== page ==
The beach/pool score favors clear, rainless days with perceived temperatures between 75°F and 90°F. Based on this score, the best time of year to visit Gran Canaria Airport for hot-weather activities is from late June to late September, with a peak score in the first week of August.
For each hour between 8:00 AM and 9:00 PM of each day in the analysis period (1980 to 2016), independent scores are computed for perceived temperature, cloud cover, and total precipitation. Those scores are combined into a single hourly composite score, which is then aggregated into days, averaged over all the years in the analysis period, and smoothed.
Our cloud cover score is 10 for fully clear skies, falling linearly to 9 for mostly clear skies, and to 1 for fully overcast skies.
Our precipitation score, which is based on the three-hour precipitation centered on the hour in question, is 10 for no precipitation, falling linearly to 9 for trace precipitation, and to 0 for 0.04 inches of precipitation or more.
Our tourism temperature score is 0 for perceived temperatures below 50°F, rising linearly to 9 for 65°F, to 10 for 75°F, falling linearly to 9 for 80°F, and to 1 for 90°F or hotter.
Our beach/pool temperature score is 0 for perceived temperatures below 65°F, rising linearly to 9 for 75°F, to 10 for 82°F, falling linearly to 9 for 90°F, and to 1 for 100°F or hotter.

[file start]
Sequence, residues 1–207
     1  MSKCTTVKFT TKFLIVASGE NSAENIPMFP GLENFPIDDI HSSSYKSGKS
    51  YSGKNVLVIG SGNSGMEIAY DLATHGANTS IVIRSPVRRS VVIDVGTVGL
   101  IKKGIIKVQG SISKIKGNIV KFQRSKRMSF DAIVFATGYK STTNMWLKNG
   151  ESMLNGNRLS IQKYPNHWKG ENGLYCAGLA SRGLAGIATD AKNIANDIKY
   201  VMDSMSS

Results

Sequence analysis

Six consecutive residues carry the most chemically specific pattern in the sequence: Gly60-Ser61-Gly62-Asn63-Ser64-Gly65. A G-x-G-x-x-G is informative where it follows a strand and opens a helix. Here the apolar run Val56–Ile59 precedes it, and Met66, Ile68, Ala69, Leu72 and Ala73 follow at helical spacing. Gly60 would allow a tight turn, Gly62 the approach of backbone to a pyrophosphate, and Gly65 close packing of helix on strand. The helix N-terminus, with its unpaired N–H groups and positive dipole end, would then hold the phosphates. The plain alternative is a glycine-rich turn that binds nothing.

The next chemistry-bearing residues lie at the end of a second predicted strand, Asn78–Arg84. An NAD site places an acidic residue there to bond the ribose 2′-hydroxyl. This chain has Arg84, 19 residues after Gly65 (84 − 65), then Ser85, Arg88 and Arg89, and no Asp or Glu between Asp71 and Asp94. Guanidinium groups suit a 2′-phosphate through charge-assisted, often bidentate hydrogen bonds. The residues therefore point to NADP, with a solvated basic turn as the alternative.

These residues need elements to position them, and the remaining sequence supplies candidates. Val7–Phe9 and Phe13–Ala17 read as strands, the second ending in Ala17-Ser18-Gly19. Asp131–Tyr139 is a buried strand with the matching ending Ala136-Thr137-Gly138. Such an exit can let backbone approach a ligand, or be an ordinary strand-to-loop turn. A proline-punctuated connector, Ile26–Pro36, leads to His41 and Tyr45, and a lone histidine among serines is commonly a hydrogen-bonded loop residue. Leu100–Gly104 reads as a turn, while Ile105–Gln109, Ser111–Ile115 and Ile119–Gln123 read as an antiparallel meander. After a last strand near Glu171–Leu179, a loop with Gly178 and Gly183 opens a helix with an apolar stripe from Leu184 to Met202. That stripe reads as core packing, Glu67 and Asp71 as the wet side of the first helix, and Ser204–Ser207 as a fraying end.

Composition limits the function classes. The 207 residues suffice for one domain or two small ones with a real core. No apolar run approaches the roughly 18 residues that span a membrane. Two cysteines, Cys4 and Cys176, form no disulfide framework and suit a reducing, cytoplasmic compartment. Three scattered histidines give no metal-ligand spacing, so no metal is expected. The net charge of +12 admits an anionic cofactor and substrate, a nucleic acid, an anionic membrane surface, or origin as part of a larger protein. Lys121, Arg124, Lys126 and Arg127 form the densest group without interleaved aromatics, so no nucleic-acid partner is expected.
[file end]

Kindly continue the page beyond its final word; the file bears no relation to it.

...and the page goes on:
Definitions of the growing season vary throughout the world, but for the purposes of this report, we define it as the longest continuous period of non-freezing temperatures (≥ 32°F) in the year (the calendar year in the Northern Hemisphere, or from July 1 until June 30 in the Southern Hemisphere).
Temperatures at Gran Canaria Airport are sufficiently warm year round that it is not entirely meaningful to discuss the growing season in these terms. We nevertheless include the chart below as an illustration of the distribution of temperatures experienced throughout the year.
Time Spent in Various Temperature Bands and the Growing Season
frigid 15°F freezing 32°F very cold 45°F cold 55°F cool 65°F comfortable 75°F warm 85°F hot 95°F sweltering
Growing degree days are a measure of yearly heat accumulation used to predict plant and animal development, and defined as the integral of warmth above a base temperature, discarding any excess above a maximum temperature. In this report, we use a base of 50°F and a cap of 86°F.
Growing Degree Days